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The Ultimate Floating Brick ?


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Just now, Chris Williams said:

Does no-one remember the college barges at Oxford?  Not very boat-like.

barges.jpg

Indeed, we once moored next to one - on the Thames by a hotel called something like The Four Seasons or Four Corners, who hired it out as a function room. You've raised a point which had crossed my mind too - and what about the long-established houseboats?

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39 minutes ago, Chris Williams said:

Does no-one remember the college barges at Oxford?  Not very boat-like.

Well they were a tad before my time - but they still had an elegance about them even if they were slightly different from the norm. 

Edited by Tumshie
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3 hours ago, Ray T said:

As it is called "Floaters Cottage" could it be converted into an office of a web site that echo's part of the name? :)

It's definitely a floater...of the type that's hard to flush!

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1 hour ago, Tumshie said:

Well they were a tad before my time - but they still had an elegance about them even if they were slightly different from the norm. 

Yes, and it could be my imagination, but doesn't the photo exude an aroma of Old Money?

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What a narrow-minded (pun intended) bunch you all are.  It is a houseboat - there are plenty of them.  In fact many folk seem to want a houseboat but instead buy a knackered narrowboat that will never move again.  It doesn't pretend to be anything else.  At least it's honest and would make a lovely home compared to some of the floating skips found around the system.

Edited by Murflynn
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17 minutes ago, Murflynn said:

What a narrow-minded (pun intended) bunch you all are.  It is a houseboat - there are plenty of them.  In fact many folk seem to want a houseboat but instead buy a knackered narrowboat that will never move again.  It doesn't pretend to be anything else.  At least it's honest and would make a lovely home compared to some of the floating skips found around the system.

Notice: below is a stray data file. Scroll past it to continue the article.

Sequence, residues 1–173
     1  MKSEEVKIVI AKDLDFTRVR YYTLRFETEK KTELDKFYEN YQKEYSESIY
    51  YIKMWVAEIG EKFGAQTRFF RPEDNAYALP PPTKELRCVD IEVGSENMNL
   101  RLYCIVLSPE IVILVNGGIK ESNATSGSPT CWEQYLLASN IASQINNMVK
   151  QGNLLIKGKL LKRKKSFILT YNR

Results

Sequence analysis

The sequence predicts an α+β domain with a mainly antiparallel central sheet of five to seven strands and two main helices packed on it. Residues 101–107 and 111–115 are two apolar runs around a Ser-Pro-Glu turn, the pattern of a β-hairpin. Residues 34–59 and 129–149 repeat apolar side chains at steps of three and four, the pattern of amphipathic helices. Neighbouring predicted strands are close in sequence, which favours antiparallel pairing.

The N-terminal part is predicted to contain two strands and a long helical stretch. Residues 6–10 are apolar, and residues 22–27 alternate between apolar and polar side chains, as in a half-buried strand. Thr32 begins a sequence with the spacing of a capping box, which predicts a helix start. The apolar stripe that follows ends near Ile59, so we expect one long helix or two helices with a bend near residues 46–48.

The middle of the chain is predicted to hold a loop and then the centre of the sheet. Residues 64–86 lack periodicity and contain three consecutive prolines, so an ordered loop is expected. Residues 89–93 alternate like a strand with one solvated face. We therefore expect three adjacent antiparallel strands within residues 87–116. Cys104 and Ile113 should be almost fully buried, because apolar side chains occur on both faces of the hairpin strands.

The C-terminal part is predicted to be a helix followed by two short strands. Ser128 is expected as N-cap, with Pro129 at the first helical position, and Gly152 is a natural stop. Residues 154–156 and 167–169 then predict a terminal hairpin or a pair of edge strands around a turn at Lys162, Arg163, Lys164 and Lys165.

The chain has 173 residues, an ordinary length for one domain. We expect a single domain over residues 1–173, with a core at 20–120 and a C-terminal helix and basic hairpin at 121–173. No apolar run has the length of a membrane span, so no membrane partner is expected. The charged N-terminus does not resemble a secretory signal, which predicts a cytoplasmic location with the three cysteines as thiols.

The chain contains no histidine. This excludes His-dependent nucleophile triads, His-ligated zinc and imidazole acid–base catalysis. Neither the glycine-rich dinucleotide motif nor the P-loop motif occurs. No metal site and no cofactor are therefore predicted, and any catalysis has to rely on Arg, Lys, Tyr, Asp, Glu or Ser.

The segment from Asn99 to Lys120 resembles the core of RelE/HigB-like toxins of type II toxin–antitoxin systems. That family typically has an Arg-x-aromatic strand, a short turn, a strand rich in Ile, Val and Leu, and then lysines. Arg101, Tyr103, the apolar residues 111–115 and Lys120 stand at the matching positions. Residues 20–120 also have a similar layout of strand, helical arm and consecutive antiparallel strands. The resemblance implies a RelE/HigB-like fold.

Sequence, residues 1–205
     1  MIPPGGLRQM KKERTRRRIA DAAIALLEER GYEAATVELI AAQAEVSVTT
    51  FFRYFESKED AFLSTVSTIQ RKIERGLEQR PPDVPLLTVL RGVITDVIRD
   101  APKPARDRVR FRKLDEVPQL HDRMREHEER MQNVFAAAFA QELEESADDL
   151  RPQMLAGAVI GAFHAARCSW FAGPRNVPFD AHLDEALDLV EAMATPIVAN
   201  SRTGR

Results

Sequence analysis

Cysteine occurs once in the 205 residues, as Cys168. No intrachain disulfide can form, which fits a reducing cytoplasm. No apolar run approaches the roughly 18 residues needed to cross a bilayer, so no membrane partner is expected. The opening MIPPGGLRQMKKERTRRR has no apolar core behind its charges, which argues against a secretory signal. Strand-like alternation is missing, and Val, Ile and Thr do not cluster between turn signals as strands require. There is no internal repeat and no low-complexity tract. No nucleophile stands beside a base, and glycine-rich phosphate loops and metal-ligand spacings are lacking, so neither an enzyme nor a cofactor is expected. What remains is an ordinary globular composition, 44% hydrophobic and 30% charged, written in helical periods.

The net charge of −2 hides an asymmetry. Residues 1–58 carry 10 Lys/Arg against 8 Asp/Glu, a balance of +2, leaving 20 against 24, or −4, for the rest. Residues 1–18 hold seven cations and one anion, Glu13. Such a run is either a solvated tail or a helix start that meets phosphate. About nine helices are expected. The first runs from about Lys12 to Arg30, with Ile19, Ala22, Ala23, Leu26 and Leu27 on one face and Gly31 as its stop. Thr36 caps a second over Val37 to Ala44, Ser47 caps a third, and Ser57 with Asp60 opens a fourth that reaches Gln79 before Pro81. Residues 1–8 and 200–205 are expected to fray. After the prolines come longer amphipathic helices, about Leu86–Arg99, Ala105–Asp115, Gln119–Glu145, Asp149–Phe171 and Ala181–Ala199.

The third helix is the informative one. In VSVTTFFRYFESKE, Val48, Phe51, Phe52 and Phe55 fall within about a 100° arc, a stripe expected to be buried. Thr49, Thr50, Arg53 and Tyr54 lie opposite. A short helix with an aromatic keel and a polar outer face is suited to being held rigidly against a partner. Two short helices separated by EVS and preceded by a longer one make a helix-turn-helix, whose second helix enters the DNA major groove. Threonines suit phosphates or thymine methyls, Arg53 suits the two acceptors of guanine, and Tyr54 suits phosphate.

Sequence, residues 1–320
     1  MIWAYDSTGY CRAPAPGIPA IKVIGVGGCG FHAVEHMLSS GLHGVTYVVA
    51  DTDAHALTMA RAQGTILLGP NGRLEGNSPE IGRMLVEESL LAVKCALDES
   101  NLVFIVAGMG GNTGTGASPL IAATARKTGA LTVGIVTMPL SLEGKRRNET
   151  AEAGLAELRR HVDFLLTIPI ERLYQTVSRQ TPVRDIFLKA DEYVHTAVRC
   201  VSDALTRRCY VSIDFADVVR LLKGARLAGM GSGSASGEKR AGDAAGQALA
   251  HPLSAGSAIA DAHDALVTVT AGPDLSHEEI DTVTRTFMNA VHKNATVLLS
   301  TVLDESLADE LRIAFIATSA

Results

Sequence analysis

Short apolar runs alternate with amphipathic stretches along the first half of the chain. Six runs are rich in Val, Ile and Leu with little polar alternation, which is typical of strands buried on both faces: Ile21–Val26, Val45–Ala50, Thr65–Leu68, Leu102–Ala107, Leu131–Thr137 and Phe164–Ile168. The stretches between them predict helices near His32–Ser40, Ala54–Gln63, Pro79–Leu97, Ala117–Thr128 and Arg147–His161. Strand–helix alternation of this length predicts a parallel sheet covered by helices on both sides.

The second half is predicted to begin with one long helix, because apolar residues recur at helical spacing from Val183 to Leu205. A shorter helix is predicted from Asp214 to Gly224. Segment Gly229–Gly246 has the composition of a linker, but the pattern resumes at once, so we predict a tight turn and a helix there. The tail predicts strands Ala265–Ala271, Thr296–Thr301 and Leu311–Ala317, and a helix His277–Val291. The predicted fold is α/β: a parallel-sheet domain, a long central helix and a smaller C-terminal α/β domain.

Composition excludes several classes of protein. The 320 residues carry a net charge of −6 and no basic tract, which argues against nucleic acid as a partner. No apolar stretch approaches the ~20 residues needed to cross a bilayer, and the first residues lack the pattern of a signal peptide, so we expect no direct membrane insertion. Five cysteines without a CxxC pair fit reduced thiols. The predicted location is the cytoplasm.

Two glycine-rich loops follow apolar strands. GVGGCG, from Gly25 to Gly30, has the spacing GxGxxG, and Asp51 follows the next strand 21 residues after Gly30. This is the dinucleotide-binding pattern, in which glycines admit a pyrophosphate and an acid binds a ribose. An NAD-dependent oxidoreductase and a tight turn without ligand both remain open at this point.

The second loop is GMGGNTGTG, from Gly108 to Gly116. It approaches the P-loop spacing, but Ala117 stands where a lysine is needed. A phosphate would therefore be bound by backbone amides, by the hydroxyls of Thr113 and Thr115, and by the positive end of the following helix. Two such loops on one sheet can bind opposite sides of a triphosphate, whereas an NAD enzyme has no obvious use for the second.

So why the bracket for an outboard motor?  Not a typical feature of a static houseboat.

Also the details say.......

Possible cruising berth by arrangement.

 

?

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7 hours ago, Chris Williams said:

Does no-one remember the college barges at Oxford?  Not very boat-like.

 

Now that you mention it would be nigh on impossible to distinguish them apart.

Place it amongst some and you'd never pick it out.

Errr, well …… 

 

Brick.jpg

barge.jpg

a-college-barge-on-the-river-thames-at-streatley-on-thames-berkshire-AG35JW.jpg

Jesus_College_barge.jpg

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16 minutes ago, alan_fincher said:

So why the bracket for an outboard motor?  Not a typical feature of a static houseboat.

Also the details say.......

Possible cruising berth by arrangement.

 

?

And, if the owner / seller expects it to be bought / sold "VAT Free" then it is certainly not a Houseboat.

 

 

Caravans and houseboats (VAT Notice 701/20)

The VAT treatment of houseboats

7.1 Definition of a houseboat

A houseboat is defined for the purposes of VAT as being a floating decked structure which:

  • is designed or adapted for use solely as a place of permanent habitation
  • does not have the means of, and which is not capable of being readily adapted for, self-propulsion
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11 minutes ago, Sammas09 said:

Clearly does, has access for just such things... 

sketch-1550189135076.png

Hardly an elegant staircase and seems to be some sort of warning notice,  there are no railings on the deck to stop the ladies going overboard.  Must do better.

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12 hours ago, rusty69 said:

Yep.

 

Aren't narrowboats just glorified shipping containers?

dd.jpg

 

Yes to some extent all canal boats share more features with skips than many other types of boat.

 

12 hours ago, X Alan W said:

I think shape wise it compares quite favorably with that awful hotel fat boat on the K&A if it"s still going I  often wonder what the owners of these bricks would think of steering /handling a proper shaped hull with decent swims they probably not be able to tell the difference

 

It's all relative isn't it. There must be owners of much more hydrodynamically designed hulls that wouldn't consider canal boats "proper" shaped hulls at all.

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7 hours ago, blackrose said:

There must be owners of much more hydrodynamically designed hulls that wouldn't consider canal boats "proper" shaped hulls at all.

I'm sure there are.

But for the purpose they are intended its not necessary - put them on flowing Rivers and tidal connections and they are far from safe / ideal

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16 hours ago, Chris Williams said:

Does no-one remember the college barges at Oxford?  Not very boat-like.

barges.jpg

You can still hire house boats on the Broads.

 

https://www.hoseasons.co.uk/boat-holidays/the-broads/houseboats

 

There is even a cruising version you can hire

 

https://barnesbrinkcraft.co.uk/our-boats/detail/brinks-topliner/

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